Cluster analysis confirms the correlations observed in the subgroup with low SR, characterized by reduced self-statement, increasing catastrophizing, and high FIQ. This subgroup was also distinguished by more anxiety and depression. Therefore, one may raise the question of possible overlap between the subgroup with low SR, identified on the basis of gait analysis, and other subgroups distinguished by means of different cluster methods based on anxiety, depression and cognitive features. Consequently, considering the important role of affect and cognition in FM patients, one could suggest SR measurement before initiating cognitive-behavioral therapies in order to adapt treatment approaches to patients' characteristics . Cluster analysis of CCP enabled the identification of a subgroup with low pain level and hyperkinesia. Our hypothesis is that each gait marker is correlated to one of the major traits of FM patients such as pain (CCP), physical activity (SF), and catastrophizing (SR).
The three main gait markers (SF, SR, CCP) were correlated to some major clinical characteristics of patients (VAS, FIQ score, Coping self statement, Catastrophizing, PCF from SF-36). Such statistical results are needed, but are not sufficient for clinical applications. This point received a first answer through Cluster analysis. Each cluster analysis of gait markers provided distinct subgroups in term of mean value of the gait marker taken into account, but homogenous in term of clinical characteristics. Furthermore a preliminary study showed that the improvement of gait markers is of clinical significance in FM patients after a 12-week rehabilitation and exercise training program .
Our study has some limitations. The presence of a center effect concerning some gait markers such as step length and gait speed, on the one hand, and physical activity subscore of FIQ, on the other hand, did not permit the determination of correlations between these items. The reduced speed in FM [18, 19] could be more difficult to interpret because it is the product of SF by SL. The assumption that SL is supraspinally controlled by phasic output from basal ganglia to the supplementary motor area should be discussed, not only according to grading and subgrouping of FM but also according to the disease's underlying mechanisms. Another limitation is the absence of FM patients having major depression. Currently, it is demonstrated that depression is associated with gait deterioration and cognitive impairment . Further studies are required in order to better understand gait disorders in FM patients with depression. As well, the exclusion of obese patients from the study population could be considered as a study limitation, however it is important to take into account that the prevalence of obesity varies greatly between the different studies according to the area of the study. For instance, in North America a prevalence of 47% was reported  while in North Europe the prevalence is only of 10%. . Further limitations are related to sample characteristics. Our study involved only women, since the occurrence of FM in men is fairly limited.
In conclusion, gait marker measurement, in particular SF, SR, and CCP, could be of interest in subgrouping FM patients, with no major depression. In our study, SF was the most sensitive and specific gait marker for distinguishing FM patients from controls. High SF values characterized a hyperkinetic subgroup of FM patients. So, subgrouping FM patients on the basis of SF measurement could facilitate the prescription of physical activity for patients with normal SF, and incite clinicians to prescribe a slowly progressive physical activity program for those with reduced SF. SR allows the identification of two subgroups, which were significantly different in terms of coping, affective status, and overall symptomatology (FIQ). Reduced SR values characterized a subgroup of FM patients with poor affect and cognitive abilities. SR measurement could therefore help in the orientation of the behavioral therapy in this subgroup of patients. Due to the strong correlation between CCP and pain level, we suggest that CCP measurement could be of interest in the assessment of pain behavior among FM patients. Further studies are needed to assess the interest of gait markers in the identification of subgroups of FM patients.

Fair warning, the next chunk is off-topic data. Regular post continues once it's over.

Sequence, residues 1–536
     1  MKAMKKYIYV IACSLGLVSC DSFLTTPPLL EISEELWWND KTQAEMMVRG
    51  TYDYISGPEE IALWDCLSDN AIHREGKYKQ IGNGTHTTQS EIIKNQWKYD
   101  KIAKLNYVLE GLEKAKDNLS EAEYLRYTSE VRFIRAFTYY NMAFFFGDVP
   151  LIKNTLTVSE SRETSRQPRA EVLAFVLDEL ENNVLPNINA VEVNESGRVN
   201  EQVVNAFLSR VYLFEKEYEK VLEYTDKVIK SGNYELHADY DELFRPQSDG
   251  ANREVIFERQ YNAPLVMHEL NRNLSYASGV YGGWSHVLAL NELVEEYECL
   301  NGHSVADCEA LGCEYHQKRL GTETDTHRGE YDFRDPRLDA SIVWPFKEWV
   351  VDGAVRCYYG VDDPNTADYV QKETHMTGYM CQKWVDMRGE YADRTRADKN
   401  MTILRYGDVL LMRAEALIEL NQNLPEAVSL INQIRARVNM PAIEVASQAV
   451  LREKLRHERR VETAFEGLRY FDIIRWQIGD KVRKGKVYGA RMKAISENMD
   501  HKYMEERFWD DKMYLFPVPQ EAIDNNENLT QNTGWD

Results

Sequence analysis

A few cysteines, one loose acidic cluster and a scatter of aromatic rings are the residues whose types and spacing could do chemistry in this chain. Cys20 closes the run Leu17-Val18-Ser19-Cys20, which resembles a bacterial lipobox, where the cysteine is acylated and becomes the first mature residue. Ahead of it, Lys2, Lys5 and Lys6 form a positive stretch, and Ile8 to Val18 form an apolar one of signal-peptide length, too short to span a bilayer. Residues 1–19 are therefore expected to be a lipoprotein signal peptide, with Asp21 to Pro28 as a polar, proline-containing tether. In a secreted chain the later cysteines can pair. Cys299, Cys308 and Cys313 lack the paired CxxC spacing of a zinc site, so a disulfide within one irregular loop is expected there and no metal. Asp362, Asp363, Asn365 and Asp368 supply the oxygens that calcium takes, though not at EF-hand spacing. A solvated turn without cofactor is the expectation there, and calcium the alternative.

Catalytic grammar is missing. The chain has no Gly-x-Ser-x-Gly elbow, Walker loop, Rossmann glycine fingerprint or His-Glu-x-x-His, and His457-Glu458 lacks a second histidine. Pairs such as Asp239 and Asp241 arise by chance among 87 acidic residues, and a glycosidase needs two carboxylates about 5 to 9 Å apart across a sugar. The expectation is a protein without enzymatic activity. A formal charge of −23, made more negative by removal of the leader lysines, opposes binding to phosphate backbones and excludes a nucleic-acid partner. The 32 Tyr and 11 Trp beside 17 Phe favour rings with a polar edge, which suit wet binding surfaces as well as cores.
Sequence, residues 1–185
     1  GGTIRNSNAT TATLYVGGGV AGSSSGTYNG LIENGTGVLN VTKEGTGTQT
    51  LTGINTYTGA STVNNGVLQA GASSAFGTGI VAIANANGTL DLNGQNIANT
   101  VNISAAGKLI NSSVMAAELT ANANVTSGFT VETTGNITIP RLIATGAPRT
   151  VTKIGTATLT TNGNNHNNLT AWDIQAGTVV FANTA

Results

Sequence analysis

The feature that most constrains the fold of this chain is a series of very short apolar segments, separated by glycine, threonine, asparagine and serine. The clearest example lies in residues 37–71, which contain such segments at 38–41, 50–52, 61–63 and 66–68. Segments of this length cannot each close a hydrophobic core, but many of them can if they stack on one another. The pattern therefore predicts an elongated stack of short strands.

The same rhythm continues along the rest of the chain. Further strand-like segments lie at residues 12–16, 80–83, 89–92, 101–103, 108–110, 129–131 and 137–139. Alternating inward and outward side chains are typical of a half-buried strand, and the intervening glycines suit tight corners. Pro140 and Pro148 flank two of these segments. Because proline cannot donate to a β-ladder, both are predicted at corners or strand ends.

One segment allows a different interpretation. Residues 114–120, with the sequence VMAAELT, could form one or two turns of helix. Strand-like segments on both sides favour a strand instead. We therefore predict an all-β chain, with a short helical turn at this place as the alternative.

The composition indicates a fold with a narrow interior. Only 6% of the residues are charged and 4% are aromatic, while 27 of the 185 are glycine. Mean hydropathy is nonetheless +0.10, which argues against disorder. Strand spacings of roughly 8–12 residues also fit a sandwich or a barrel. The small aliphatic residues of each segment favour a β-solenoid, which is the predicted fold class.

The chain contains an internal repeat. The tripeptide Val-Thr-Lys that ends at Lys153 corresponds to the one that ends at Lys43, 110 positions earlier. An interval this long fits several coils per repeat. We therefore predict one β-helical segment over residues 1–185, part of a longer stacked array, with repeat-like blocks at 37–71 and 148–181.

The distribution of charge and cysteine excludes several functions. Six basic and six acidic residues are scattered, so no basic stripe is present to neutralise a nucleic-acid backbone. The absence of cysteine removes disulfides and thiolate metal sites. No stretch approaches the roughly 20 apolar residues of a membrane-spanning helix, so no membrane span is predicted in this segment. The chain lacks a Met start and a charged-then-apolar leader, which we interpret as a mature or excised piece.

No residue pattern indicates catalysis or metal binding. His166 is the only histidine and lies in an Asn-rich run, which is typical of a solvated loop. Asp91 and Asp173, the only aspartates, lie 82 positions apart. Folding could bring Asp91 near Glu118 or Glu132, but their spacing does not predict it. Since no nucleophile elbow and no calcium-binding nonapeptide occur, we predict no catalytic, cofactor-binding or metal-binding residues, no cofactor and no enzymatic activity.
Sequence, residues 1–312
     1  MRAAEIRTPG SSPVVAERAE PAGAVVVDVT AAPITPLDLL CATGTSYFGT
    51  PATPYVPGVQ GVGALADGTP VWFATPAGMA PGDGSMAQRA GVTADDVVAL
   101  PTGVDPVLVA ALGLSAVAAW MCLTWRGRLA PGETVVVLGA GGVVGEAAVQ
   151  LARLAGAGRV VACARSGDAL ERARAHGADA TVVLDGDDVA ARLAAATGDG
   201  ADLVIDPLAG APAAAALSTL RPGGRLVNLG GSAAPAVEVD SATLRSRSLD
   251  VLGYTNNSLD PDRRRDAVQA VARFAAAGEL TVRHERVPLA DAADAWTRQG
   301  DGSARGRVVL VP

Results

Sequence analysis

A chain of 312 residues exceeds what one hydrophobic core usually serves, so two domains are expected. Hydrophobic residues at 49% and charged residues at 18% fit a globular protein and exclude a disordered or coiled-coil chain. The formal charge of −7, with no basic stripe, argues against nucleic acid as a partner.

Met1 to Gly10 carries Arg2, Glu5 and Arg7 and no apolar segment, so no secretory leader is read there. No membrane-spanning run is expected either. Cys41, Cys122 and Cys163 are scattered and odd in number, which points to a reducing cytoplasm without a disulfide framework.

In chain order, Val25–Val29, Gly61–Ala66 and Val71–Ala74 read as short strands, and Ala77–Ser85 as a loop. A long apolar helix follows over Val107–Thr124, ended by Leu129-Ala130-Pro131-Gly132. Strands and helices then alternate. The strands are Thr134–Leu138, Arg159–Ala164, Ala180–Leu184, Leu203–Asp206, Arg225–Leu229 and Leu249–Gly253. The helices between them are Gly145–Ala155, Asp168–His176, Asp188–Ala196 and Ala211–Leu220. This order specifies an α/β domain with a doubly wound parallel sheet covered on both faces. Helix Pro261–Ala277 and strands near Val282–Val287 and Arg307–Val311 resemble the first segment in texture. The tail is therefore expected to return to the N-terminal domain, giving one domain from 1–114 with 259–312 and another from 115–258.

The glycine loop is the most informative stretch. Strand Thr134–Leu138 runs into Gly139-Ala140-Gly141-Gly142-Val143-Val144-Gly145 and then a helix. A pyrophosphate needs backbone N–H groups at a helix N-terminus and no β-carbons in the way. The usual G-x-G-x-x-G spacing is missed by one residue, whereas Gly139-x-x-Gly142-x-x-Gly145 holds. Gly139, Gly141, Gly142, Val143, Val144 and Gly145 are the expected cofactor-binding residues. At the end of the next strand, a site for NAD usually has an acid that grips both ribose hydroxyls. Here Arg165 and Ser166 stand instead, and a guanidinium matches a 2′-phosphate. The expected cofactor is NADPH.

We are grateful to all the patients and controls who participated in the study. We would like to acknowledge Dr Alaa GHALI for his assistance in the preparation of the English draft of this manuscript.
- Wolfe F, Smythe HA, Yunus MB, Bennett RM, Bombardier C, Goldenberg DL, Tugwell P, Campbell SM, Abeles M, Clark P: The American College of Rheumatology 1990 Criteria for the classification of fibromyalgia report of the multicenter criteria committee. Arthritis Rheum. 1990, 33: 160-72. 10.1002/art.1780330203.View ArticlePubMedGoogle Scholar
- Stratz T, Schochat T, Färber L, Schweiger C, Müller W: Are there subgroups in fibromyalgia. J Musculoskel Pain. 1995, 3 (Suppl 1): 15-Google Scholar
- Turk DC, Okifuji A, Sinclair JD, Starz TW: Pain, disability, and physical functioning in subgroups of patients with fibromyalgia. J Rheumatol. 1996, 23: 1255-62.PubMedGoogle Scholar
- Giesecke T, Williams DA, Harris RE, Cupps TR, Tian X, Tian TX, Gracely RH, Clauw DJ: Subgrouping of Fibromyalgia Patients on the Basis of Pressure-Pain Thresholds and Psychological Factors. Arthritis Rheum. 2003, 10: 2916-22.View ArticleGoogle Scholar